Tag Archives | spies

How Covert Agents Infiltrate the Internet to Manipulate, Deceive, and Destroy Reputations

Glenn Greenwald writes at the Intercept:

One of the many pressing stories that remains to be told from the Snowden archive is how western intelligence agencies are attempting to manipulate and control online discourse with extreme tactics of deception and reputation-destruction. It’s time to tell a chunk of that story, complete with the relevant documents.

Over the last several weeks, I worked with NBC News to publish a series of articles about “dirty trick” tactics used by GCHQ’s previously secret unit, JTRIG (Joint Threat Research Intelligence Group). These were based on four classified GCHQ documents presented to the NSA and the other three partners in the English-speaking “Five Eyes” alliance. Today, we at the Intercept are publishing another new JTRIG document, in full, entitled “The Art of Deception: Training for Online Covert Operations.”

By publishing these stories one by one, our NBC reporting highlighted some of the key, discrete revelations: the monitoring of YouTube and Blogger, the targeting of Anonymous with the very same DDoS attacks they accuse “hacktivists” of using, the use of “honey traps” (luring people into compromising situations using sex) and destructive viruses.

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WikiLeaks Publishes CIA Tips for Traveling Spies

CIAJust in time for spies traveling home for the holidays Yahoo News/AFP reports on a new disclosure from WikiLeaks showing how CIA does it:

WikiLeaks on Sunday released two CIA documents that offered tips to help spies maintain their cover while using false documents as they crossed international borders.

The two documents, dating from 2011 and 2012, are marked classified and “NOFORN,” which means they were not meant to be shared with allied intelligence agencies, WikiLeaks said.

The documents outline a number of strategies for agents to avoid secondary screening at airports and borders.

Some are obvious: don’t buy a one-way ticket with cash the day before flying. Others perhaps less so: don’t look scruffy while traveling on a diplomatic passport.

“In one incident during transit of a European airport in the early morning, security officials selected a CIA officer for secondary screening,” one of the documents reads.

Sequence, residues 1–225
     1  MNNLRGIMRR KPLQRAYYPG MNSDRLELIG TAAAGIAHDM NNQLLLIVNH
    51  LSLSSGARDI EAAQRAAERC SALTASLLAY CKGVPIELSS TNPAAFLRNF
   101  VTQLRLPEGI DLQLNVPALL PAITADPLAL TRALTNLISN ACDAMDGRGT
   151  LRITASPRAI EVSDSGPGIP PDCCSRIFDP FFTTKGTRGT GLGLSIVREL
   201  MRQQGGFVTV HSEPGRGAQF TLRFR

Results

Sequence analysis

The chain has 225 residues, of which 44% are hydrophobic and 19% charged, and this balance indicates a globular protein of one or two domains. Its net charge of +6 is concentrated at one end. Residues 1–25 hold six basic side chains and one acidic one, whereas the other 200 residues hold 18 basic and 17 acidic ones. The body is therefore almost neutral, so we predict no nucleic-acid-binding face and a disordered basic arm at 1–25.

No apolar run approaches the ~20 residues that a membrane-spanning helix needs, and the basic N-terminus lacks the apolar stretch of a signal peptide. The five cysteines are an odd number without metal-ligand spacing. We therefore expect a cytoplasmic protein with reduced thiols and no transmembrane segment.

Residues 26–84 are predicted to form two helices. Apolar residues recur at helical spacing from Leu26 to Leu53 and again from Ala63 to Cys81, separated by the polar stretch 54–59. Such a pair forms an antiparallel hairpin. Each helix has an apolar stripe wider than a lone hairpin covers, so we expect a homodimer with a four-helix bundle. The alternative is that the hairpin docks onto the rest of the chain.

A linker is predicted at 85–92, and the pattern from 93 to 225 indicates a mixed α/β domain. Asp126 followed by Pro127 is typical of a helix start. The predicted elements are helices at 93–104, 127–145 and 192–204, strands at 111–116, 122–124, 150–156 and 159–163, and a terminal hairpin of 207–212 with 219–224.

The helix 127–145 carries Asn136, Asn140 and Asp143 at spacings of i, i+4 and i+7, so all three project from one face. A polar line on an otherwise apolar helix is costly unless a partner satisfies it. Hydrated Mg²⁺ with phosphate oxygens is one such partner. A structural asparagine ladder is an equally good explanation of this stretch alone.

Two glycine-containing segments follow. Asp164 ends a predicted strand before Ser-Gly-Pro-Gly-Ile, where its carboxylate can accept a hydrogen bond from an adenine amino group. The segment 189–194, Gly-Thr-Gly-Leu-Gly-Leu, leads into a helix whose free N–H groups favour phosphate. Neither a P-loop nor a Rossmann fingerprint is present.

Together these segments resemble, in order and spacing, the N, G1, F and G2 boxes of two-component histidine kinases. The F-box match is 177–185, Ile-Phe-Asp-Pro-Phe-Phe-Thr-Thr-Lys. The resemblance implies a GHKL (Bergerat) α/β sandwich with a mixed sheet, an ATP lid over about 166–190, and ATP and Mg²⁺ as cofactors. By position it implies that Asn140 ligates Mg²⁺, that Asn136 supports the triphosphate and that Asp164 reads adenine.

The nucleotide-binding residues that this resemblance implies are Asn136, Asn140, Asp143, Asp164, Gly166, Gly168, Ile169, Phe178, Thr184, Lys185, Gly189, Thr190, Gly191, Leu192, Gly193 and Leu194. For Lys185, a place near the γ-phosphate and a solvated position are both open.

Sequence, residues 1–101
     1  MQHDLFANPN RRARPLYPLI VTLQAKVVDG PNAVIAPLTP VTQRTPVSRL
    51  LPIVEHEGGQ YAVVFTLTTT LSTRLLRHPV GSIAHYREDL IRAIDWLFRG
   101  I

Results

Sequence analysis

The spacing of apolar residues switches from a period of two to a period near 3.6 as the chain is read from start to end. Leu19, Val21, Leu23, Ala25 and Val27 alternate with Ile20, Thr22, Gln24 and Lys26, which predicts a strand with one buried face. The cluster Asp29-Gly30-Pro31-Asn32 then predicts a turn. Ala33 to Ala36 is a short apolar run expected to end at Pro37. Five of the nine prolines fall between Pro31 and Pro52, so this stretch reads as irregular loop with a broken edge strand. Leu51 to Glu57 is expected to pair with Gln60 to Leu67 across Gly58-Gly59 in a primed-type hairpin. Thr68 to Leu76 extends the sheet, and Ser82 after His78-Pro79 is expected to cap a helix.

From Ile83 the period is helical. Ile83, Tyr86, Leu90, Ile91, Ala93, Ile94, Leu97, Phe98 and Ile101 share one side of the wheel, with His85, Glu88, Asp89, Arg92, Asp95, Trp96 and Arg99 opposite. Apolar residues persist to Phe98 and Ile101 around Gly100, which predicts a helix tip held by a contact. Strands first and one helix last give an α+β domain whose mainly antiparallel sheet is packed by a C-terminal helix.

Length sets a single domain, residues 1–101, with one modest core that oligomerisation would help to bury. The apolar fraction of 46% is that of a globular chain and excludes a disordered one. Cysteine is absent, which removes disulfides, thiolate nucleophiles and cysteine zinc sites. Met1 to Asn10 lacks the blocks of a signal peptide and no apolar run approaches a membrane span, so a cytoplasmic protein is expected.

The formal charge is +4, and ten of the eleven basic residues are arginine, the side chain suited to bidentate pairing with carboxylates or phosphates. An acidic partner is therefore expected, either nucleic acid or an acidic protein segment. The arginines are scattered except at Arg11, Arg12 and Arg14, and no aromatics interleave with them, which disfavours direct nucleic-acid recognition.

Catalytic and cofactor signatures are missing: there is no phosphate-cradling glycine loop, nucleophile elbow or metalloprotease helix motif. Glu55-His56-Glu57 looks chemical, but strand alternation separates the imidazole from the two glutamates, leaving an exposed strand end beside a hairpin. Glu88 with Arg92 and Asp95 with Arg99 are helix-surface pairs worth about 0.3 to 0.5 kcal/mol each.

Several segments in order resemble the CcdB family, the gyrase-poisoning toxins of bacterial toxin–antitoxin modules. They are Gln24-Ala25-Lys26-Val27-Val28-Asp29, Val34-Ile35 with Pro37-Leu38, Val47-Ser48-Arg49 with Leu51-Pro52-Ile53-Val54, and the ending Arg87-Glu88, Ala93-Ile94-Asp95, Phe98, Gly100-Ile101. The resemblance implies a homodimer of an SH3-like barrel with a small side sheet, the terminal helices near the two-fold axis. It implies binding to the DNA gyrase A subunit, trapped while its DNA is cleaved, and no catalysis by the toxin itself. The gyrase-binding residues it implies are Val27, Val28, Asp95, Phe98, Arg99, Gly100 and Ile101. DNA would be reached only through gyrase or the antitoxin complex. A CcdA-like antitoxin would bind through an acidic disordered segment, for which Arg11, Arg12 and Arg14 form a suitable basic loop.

“Although the officials gave no reason, overly casual dress inconsistent with being a diplomatic-passport holder may have prompted the referral.”…

[continues at Yahoo News/AFP]

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The Cambridge Spies

During the Cold War, four affluent men, and at least a possible other (John Cairncross) were recruited by the KGB. They spied for decades and none were caught. One, a cousin of the queen was suspected and interrogated, but treated with kid gloves. Later known as the Cambridge Five. Here is their tale.

English: A USSR stamp, Soviet spies: Kim Philb...

A USSR stamp, Soviet spies: Kim Philby, 1990. Русский: Марка СССР из выпуска «Советские разведчики»: Ким Филби (1990, Рис. Б. Илюхина, ЦФА №6266). (Photo credit: Wikipedia)

via Crime Library

The dark, windowless room in KGB Headquarters held nothing more than a chair, rows and rows of file cabinets, and a long table. If the room had had a window, in the near distance the walls of the Kremlin could have been seen, ablaze with lights. The newly appointed officer sat at the table while a filing clerk piled file upon file upon it. As he went through the dossiers, the KGB official was astonished.

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Chinese Spy Busted Stealing Iowa Corn Seeds

roflbot(5)A couple of weeks ago we a had a virtual currency heist, now we’ve got Chinese biotech espionage in the middle of Iowa. Man, this world gets a little more cyberpunk with every passing day. I wonder if Google Glass comes in a mirrorshade edition?

Newser:

Federal agents caught an alleged Chinese spy last week trying to smuggle highly valuable “inbred” cord seeds out of the country, prosecutors say. Mo Hailong is accused of stealing the seeds from fields in Illinois and Iowa and trying to evade FBI agents after dropping off seeds at a rented storage facility, reports the Des Moines Register. He faces up to 10 years in prison and a $5 million fine for stealing trade secrets worth up to $40 million. What’s the big deal? Inbred seeds possess certain special qualities, like resistance to droughts or pests, reports the Smithsonian.

“It’s really the foundation for Iowa agriculture, so it’s really something that we need to protect,” says an Iowa professor.

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Former NSA Chief on Spy Program: It’s Real, and It’s Spectacular

o-NSA-PHONE-RECORD-COLLECTION-facebookJust in case the cognitive dissonance wasn’t already large enough on the story-and-counterstory around programs such as XKEYSCORE and PRISM, formed NSA head Michael Hayden jumps into the ring:

Last week, the Guardian published a series of leaked documents revealing new details about an NSA surveillance program called XKEYSCORE. The newspaper said that the program enabled the agency to “search with no prior authorization through vast databases containing emails, online chats and the browsing histories of millions of individuals,” and secret slides dated 2008 showed how people could be deemed a target for searching the Web for “suspicious stuff” or by using encryption.

Following the disclosures, Hayden appeared on CNN to discuss the agency’s surveillance programs. The general, who directed the NSA from 1999 through 2005, was remarkably candid in his responses to Erin Burnett’s questions about the Guardian’s XKEYSCORE report. Was there any truth to claims that the NSA is sifting through millions of browsing histories and able to collect virtually everything users do on the Internet?